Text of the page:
Long-term investors who save money all of their life for retirement need a way to grow savings while avoiding the sudden drawdowns that seem to happen in five-year cycles. At the present time, now that the equity market has had a tremendous five-year run, should an investor get out of the equity market? And if so, where should the money go? In the past, many investors would switch to long-term treasuries or corporate bonds, but they seem very risky in the current financial environment. Historically, many investors have used a static buy and hold strategy encompassing a mix of stock and bond indices, but such a strategic asset allocation strategy has not produced satisfactory performance and risk aversion.
I am convinced that tactical asset allocation (TAA) is the way to go. With the advent of ETFs (Exchange Traded Funds), it is relatively easy for the individual investor to move money around into different assets by buying and selling ETFs. And now there is software available, such as ETFreplay that allows you to develop TAAs and to backtest them very easily.
I have recently been developing rules-based TAA strategies that select what ETFs to buy depending on the current market conditions. Here are the goals/rules I have set up for myself:
- Every year must produce positive annual returns (no negative years).
- The maximum drawdown should be 15%. This compares to the S&P 500 that had drawdowns of about 40% in 2001-2002 and 55% in 2008.
- The annual returns need to average at least 20% per year.
- Backtesting should be performed from 2003-2013 to show overall feasibility.
- No leveraged or short ETFs should be used.
I have developed these strategies using bi-monthly updating. I prefer to respond quickly to market conditions, and not wait around if the ETF/market is doing poorly. I know most TAA strategies update monthly, but for the time being, I'm only going to look at bi-monthly updating. Another reason I like bi-monthly updating is that bi-monthly updating produces more data points for backtesting purposes, giving more confidence in the backtested results.
In this article, I'm going to present the methods and backtested results of one strategy. I have developed five different strategies using different ETF universes and allocation methods. The methods I have developed extend from the conservative (for retired/nearly retired investors) to the moderate (for mid-age investors) to the aggressive (for younger investors). The TAA strategy I am discussing in this article is what I would classify as a moderate strategy. I plan on writing articles on the other TAA strategies in the near future. I am currently using these strategies on my own retirement savings in Schwab accounts.
This first strategy I call the AllAssetsExceptBonds Strategy. It uses an ETF universe of 15 ETFs, and includes ETFs from the following asset groups: U.S. equities, international equities, emerging market equities, commodities, and real estate. There are no bond assets except for cash (where I use the ishares 1-3 year treasury bond ETF named SHY). The ETFs are compared to each other and to SHY using 4-month relative strength and volatility. The ETFs are also screened by the 4-month moving average to eliminate any ETFs that are currently less than their moving average. The best two ETFs are selected for purchase; if no ETFs are better than SHY, then SHY is selected. This procedure is done bi-monthly.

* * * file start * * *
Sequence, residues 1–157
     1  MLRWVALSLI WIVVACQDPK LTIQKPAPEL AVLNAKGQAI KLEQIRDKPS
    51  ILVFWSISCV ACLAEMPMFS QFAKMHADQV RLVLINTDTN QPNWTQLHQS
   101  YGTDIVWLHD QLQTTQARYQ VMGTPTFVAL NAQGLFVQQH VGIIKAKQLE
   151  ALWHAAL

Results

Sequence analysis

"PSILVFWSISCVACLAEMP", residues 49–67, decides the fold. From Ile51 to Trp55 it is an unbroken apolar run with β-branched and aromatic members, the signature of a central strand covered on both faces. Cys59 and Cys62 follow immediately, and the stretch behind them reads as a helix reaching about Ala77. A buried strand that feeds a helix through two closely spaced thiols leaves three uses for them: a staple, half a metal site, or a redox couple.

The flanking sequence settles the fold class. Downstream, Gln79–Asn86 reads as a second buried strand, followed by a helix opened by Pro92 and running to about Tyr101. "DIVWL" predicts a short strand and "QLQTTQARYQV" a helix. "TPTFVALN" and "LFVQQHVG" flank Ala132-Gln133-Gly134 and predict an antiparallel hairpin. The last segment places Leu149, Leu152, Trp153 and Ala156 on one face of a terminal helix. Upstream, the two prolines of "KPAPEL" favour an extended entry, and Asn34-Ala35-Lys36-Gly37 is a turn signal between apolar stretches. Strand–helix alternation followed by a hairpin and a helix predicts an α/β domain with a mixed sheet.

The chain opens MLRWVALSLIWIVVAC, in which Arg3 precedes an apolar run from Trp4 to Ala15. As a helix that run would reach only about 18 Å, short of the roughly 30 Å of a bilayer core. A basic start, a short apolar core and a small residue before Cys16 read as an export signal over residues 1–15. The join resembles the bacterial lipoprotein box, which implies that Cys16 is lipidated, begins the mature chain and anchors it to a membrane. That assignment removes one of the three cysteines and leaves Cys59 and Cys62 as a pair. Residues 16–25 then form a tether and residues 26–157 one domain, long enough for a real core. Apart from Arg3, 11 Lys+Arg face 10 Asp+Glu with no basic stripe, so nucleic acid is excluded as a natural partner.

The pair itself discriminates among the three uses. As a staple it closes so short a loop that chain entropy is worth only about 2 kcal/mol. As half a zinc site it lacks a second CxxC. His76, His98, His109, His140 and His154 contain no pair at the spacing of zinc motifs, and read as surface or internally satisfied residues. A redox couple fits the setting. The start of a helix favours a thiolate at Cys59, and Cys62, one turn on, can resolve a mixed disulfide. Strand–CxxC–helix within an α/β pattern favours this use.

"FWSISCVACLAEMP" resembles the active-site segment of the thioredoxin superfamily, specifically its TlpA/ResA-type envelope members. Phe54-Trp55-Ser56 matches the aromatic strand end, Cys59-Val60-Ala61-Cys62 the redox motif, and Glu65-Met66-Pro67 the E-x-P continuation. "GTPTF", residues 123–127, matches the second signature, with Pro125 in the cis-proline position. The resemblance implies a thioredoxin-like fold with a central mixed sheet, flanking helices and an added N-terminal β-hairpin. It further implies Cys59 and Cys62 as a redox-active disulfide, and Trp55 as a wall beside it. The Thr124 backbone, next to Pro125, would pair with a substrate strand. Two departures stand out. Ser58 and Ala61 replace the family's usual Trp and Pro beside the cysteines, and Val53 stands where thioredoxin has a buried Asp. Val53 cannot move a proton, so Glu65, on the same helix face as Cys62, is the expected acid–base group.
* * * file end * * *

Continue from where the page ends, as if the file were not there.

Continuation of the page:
The backtested results from 2003-2013 are shown below. The green depicts the results from my strategy and the blue represents the benchmark results, in this case the S&P 500 Index ETF (SPY). Please note that the total return over 11 years is 774%. This means that $100,000 at the start of 2003 would have grown to $874,000 at the end of 2013. Also note that SPY has only grown to $252,000 in this time. Although the return of the TAA strategy is impressive, the most important result is the low drawdown of 15.3% compared to the S&P 500's drawdown of 55.2% in 2008. The overall volatility of this TAA strategy is only 15% compared to the S&P 500's 20%.
The annual returns are also presented. The TAA strategy produced positive returns every year, and the compounded annual growth rate, CAGR, was 21.8%. Every year produced a yearly return greater than 14.9% except 2011 in which the TAA strategy produced a yearly return of 5.1%. For comparison, the S&P 500 had a CAGR of only 8.8%, and had a large negative yearly return in 2008 (-34.3%). The TAA strategy beat or equaled the S&P 500 index in every single year.
The cost of selling the individual ETFs each month is minimal compared to the gains of the strategy. The average number of trades per year is 30, meaning an investor will spend about $540 per year in a Schwab account. For a $50,000 account, the annual expense would be 1.08% to trade the ETFs. This compares to an average gain of over 20% per year in the strategy.
My next article will discuss a more aggressive strategy named the CSD-Bond Strategy. This TAA strategy has a backtested CAGR of 30.9% from 2008-2013 with a maximum drawdown of 12.9%.
Additional disclosure: I currently am using this strategy on my own retirement savings.